Posts for tag: teeth whitening
There are a number of teeth whitening options to put the brightness back into your smile — from professional dentist office applications to over-the-counter products for home use. But before you decide on an option, you should first consider whether whitening is right for you and to what extent.
Here are 3 questions to ask yourself — and us — before undergoing a whitening treatment.
Do I have any dental problems that make whitening problematic? The underlying cause of the staining may stem from decay, root canal problems or other dental issues; in these cases the underlying cause needs to be treated first, because whitening would only mask the actual problem. You also may not want to whiten your teeth for aesthetic reasons: people with certain features like short teeth or gummy smiles may find these features become more prominent after teeth whitening. It might be more advisable in these cases to consider other cosmetic options first.
How much whitening do I really need to improve my smile? One of the biggest myths about teeth whitening is the brighter the shade the more attractive the smile. A truly attractive tooth color, however, is more nuanced, and every person’s ideal color is different. The most attractive and natural color is one that matches the whites of your eyes.
What effect will whitening have on existing dental work I already have? In most cases, none — and that could be a problem. Composite resins or ceramic dental material have their color “baked in” and bleaching chemicals used in whitening have no effect on them. The concern then is whether whitening nearby natural teeth may produce a color mismatch between them and the dental restorations, resulting in an unattractive appearance.
Before you decide on teeth whitening, visit us first for a complete exam and consultation. We’ll discuss whether whitening is a good option for you, or whether there are other issues we should address first. We can also advise you on products and techniques, and how to get the most from your whitening experience.
If you would like more information on teeth whitening, please contact us or schedule an appointment for a consultation. You can also learn more about this topic by reading the Dear Doctor magazine article “Important Teeth Whitening Questions…Answered!”
If you're looking to improve the appearance of your smile, tooth whitening treatments — whether done at home or in our office — are a popular option. Here are the answers to some questions that many people ask before they begin the process.
Q: Are commonly used tooth-whitening methods safe?
A: Yes — provided they are used as directed. A large body of research has shown that using the correct concentration of peroxide — the bleach that whitens teeth — for the proper amount of time is not known to cause any major health problems. However, there have been cases where poor-quality bleaching solutions and/or excessive usage have caused deterioration of tooth enamel and extreme gum sensitivity. Always follow our office's recommendation.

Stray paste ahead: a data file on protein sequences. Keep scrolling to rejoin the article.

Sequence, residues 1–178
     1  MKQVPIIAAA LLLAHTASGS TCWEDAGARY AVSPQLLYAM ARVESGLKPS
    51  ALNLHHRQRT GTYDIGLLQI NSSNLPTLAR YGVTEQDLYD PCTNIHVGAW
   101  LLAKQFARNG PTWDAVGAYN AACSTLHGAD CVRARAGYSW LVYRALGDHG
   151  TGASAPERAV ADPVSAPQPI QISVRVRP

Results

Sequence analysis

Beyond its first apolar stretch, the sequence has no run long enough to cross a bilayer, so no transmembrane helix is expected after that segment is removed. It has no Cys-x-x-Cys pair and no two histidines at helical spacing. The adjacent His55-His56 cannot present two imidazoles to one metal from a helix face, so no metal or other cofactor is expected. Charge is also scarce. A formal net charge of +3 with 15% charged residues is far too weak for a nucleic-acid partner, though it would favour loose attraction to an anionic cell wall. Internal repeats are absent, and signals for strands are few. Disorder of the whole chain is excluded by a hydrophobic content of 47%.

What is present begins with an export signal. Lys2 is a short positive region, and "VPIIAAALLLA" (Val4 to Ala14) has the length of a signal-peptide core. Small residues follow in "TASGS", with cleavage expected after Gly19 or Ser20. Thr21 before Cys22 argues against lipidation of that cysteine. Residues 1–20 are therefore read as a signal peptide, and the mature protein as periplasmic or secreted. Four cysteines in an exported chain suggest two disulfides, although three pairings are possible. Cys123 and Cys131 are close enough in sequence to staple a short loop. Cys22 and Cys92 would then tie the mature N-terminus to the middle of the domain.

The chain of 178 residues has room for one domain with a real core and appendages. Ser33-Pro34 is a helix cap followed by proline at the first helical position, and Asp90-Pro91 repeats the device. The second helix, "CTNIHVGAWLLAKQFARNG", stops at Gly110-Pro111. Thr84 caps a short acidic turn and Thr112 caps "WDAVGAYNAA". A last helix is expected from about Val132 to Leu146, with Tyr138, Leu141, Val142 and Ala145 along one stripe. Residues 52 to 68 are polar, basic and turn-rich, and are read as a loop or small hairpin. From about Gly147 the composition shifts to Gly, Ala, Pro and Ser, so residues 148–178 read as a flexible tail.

Q: Does this mean I have to have in-office treatments to whiten my teeth?
A: No. But you should come in for a thorough dental examination, with x-rays, before you begin whitening treatments. Why? Because if there is trouble with the underlying tooth structure, then whitening the tooth is like painting over rusty metal: It hides the symptom, but doesn't fix the problem. Abscesses and root-canal problems are just two of the underlying causes of tooth discoloration that should be treated before teeth are whitened.
Q: What are some different methods for whitening teeth, and how long do they take?
A: The fastest is in-office whitening treatments, using a strong bleaching solution and appropriate gum protection. Next comes the cost-effective method of at-home bleaching with custom-made flexible plastic trays (sometimes called nightguard vital bleaching.) If you're not in a hurry, over-the-counter (OTC) products can do the same thing — given enough time. One study comparing different whitening treatments found that a six-shade improvement in whitening was accomplished by three in-office treatments. A week was needed for custom-tray bleach applications, or 16 daily applications of OTC products, to achieve comparable results.
Q: Can any tooth be made bright white?
A: No. Every tooth has a maximum level of whiteness, beyond which it can't get any lighter. Furthermore, fillings, crowns and other dental restorations can't be lightened with bleach — another reason to talk to our office; we can help you achieve the best possible look for your particular smile.
Q: How long will my white teeth last?
A: It depends. No whitening method is permanent, but the typical result lasts for up to two years. To preserve that bright smile, you can take some positive steps: Avoid tobacco and beverages that stain, like red wine, tea and coffee; keep up with regular cleanings in our office; and, practice good oral hygiene at home. You can also have a touch-up treatment once or twice a year.
If you need more information about tooth whitening, or you're ready to start the process, please contact us or schedule an appointment for a consultation. You can also learn more about this topic by reading the Dear Doctor magazine article “Important Teeth Whitening Questions Answered.”
Tooth whitening procedures and products have become increasingly popular over the last two decades. There are two main sources of application: professional procedures performed in a dentist’s office; and over-the-counter products for performing whitening applications at home. While there are pros and cons to both approaches, neither type poses a significant health risk — that is, if you match the correct product to the type of staining you have, and it’s applied according to the manufacturer’s instructions.
Although whitening treatments may differ in formula and strength, almost all use hydrogen peroxide as the bleaching agent, usually contained in carbamide peroxide which splits into hydrogen peroxide and urea upon activation. After many studies, there’s a strong consensus that hydrogen peroxide used at the levels found in whitening products doesn’t cause any harm to the body, including as a precursor to cancer.